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History’s Greatest Birthday Card: The Polish Declarations

This is a guest post by Sahr Conway-Lanz, a historian in the Manuscript Division.

Watercolor depicting the view of Kazimierz Dolny, in Poland’s Lublin Province, by prominent Polish artist Wladyslaw Skoczlylas. The image adorns volume 2 of the multivolume Declarations of Admiration and Friendship that Poland presented to the United States in 1926.

Former Librarian of Congress James Billington once called the Polish Declarations of Admiration and Friendship for the United States “possibly the largest expression of affection one nation ever made to another.” In 1926, for the 150th anniversary of the birth of the United States, the Polish people presented President Calvin Coolidge with 111 volumes signed not only by many of the political and cultural leaders of Poland, but also by more than 5 million school children and their teachers.

Poland had effectively given the American nation a gigantic birthday card, expressing its people’s extraordinary goodwill. With the completion of a recent digitization project in collaboration with the Polish Library of Washington and the Polish Embassy, all 111 volumes of the Polish Declarations are now readily available to the world through the Library of Congress website.

Signature page for the Polish Ministry of Public Works, contained in volume 1 of the Declarations.

The gracious acknowledgment of the sesquicentennial of American independence had become a national project for Poland out of the gratitude and esteem that Poles had for U.S. aid during World War I and American support in reestablishing Poland as an independent state. Since 1795, Polish lands had been divided between the Russian, German and Austrian Empires, but Poland reemerged as an independent state in 1918 at the end of World War I. The United States had backed an independent Poland as part of the postwar settlement. In his peace proposal, President Woodrow Wilson made Polish independence one of his famous 14 points.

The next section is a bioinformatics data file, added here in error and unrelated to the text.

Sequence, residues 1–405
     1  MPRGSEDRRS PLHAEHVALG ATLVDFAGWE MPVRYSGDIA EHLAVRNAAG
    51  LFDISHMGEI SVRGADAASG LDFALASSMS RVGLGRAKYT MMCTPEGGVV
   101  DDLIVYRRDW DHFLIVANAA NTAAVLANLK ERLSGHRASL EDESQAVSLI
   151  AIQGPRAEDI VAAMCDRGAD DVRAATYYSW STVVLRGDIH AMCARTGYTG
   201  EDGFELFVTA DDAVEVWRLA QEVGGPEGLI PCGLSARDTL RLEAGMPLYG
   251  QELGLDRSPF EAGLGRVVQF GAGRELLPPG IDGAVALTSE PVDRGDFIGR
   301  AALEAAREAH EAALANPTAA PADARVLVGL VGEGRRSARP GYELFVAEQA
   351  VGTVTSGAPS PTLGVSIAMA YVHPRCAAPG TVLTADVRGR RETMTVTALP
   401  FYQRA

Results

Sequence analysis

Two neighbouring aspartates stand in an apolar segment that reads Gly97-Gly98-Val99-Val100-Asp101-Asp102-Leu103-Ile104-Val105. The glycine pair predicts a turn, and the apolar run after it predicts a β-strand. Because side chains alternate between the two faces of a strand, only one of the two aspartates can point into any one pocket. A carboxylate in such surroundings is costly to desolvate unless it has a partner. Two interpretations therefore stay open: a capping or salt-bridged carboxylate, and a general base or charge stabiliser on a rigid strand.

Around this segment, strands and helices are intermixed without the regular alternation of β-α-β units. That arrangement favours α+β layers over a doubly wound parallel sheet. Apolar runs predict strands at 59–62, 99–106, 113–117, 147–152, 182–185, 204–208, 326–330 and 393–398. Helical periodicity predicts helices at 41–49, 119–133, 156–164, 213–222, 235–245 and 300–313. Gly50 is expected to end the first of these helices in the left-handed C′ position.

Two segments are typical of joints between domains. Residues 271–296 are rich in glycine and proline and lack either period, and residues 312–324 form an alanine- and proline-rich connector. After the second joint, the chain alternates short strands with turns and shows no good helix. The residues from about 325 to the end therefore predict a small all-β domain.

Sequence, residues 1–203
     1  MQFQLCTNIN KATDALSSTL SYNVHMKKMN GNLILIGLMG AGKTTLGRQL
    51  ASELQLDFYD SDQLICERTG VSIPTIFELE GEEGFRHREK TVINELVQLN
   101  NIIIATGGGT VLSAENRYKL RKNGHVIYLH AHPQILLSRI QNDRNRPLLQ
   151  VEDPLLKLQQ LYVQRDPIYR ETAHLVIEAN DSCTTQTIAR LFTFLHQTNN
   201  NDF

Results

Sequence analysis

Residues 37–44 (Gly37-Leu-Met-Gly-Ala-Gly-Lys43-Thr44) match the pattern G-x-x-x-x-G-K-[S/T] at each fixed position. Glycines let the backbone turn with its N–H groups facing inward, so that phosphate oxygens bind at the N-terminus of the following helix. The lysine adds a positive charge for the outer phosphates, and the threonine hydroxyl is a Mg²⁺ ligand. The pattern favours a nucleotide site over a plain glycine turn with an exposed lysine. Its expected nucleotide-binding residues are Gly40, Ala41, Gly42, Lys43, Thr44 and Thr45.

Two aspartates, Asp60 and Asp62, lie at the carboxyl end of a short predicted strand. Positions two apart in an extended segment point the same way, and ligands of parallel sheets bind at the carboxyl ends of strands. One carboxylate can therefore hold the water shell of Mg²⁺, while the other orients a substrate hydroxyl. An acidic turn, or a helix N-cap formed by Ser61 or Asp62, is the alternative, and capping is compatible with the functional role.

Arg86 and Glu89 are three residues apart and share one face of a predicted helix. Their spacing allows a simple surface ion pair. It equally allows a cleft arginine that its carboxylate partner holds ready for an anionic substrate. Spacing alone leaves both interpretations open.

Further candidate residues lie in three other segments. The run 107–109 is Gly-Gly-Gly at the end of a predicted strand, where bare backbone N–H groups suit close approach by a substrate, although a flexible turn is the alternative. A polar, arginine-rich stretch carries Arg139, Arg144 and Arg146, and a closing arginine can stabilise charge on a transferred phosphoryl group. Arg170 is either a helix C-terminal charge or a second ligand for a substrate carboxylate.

The declarations also thanked Americans for providing wartime relief aid to the Polish people and praised a group of American volunteer pilots for fighting with a newly independent Poland against the Soviets in 1920. The volumes’ dedication saluted the United States as a guiding star for all modern democracies, but, in the uncertain times of the 1920s, Polish leaders were also hoping to cement friendly ties with a potentially influential ally.

Beyond merely representing an emblem of international goodwill, the Polish Declarations were also a remarkable achievement and remain an amazing resource. The energy that went into the creation of the declarations was astounding. Many of the signatures for the volumes were collected across Poland during local celebrations of the United States’ July 4 anniversary and fully one-sixth of the Polish population signed their pages. Prominent Polish artists decorated the volumes with illustrations. Photographs of schools and their pupils, poems and other creative flourishes adorned the gift.

For researchers today, the Polish Declarations are a tremendous genealogical source, providing a unique snapshot of a Poland that would soon be transformed by the catastrophes of World War II.

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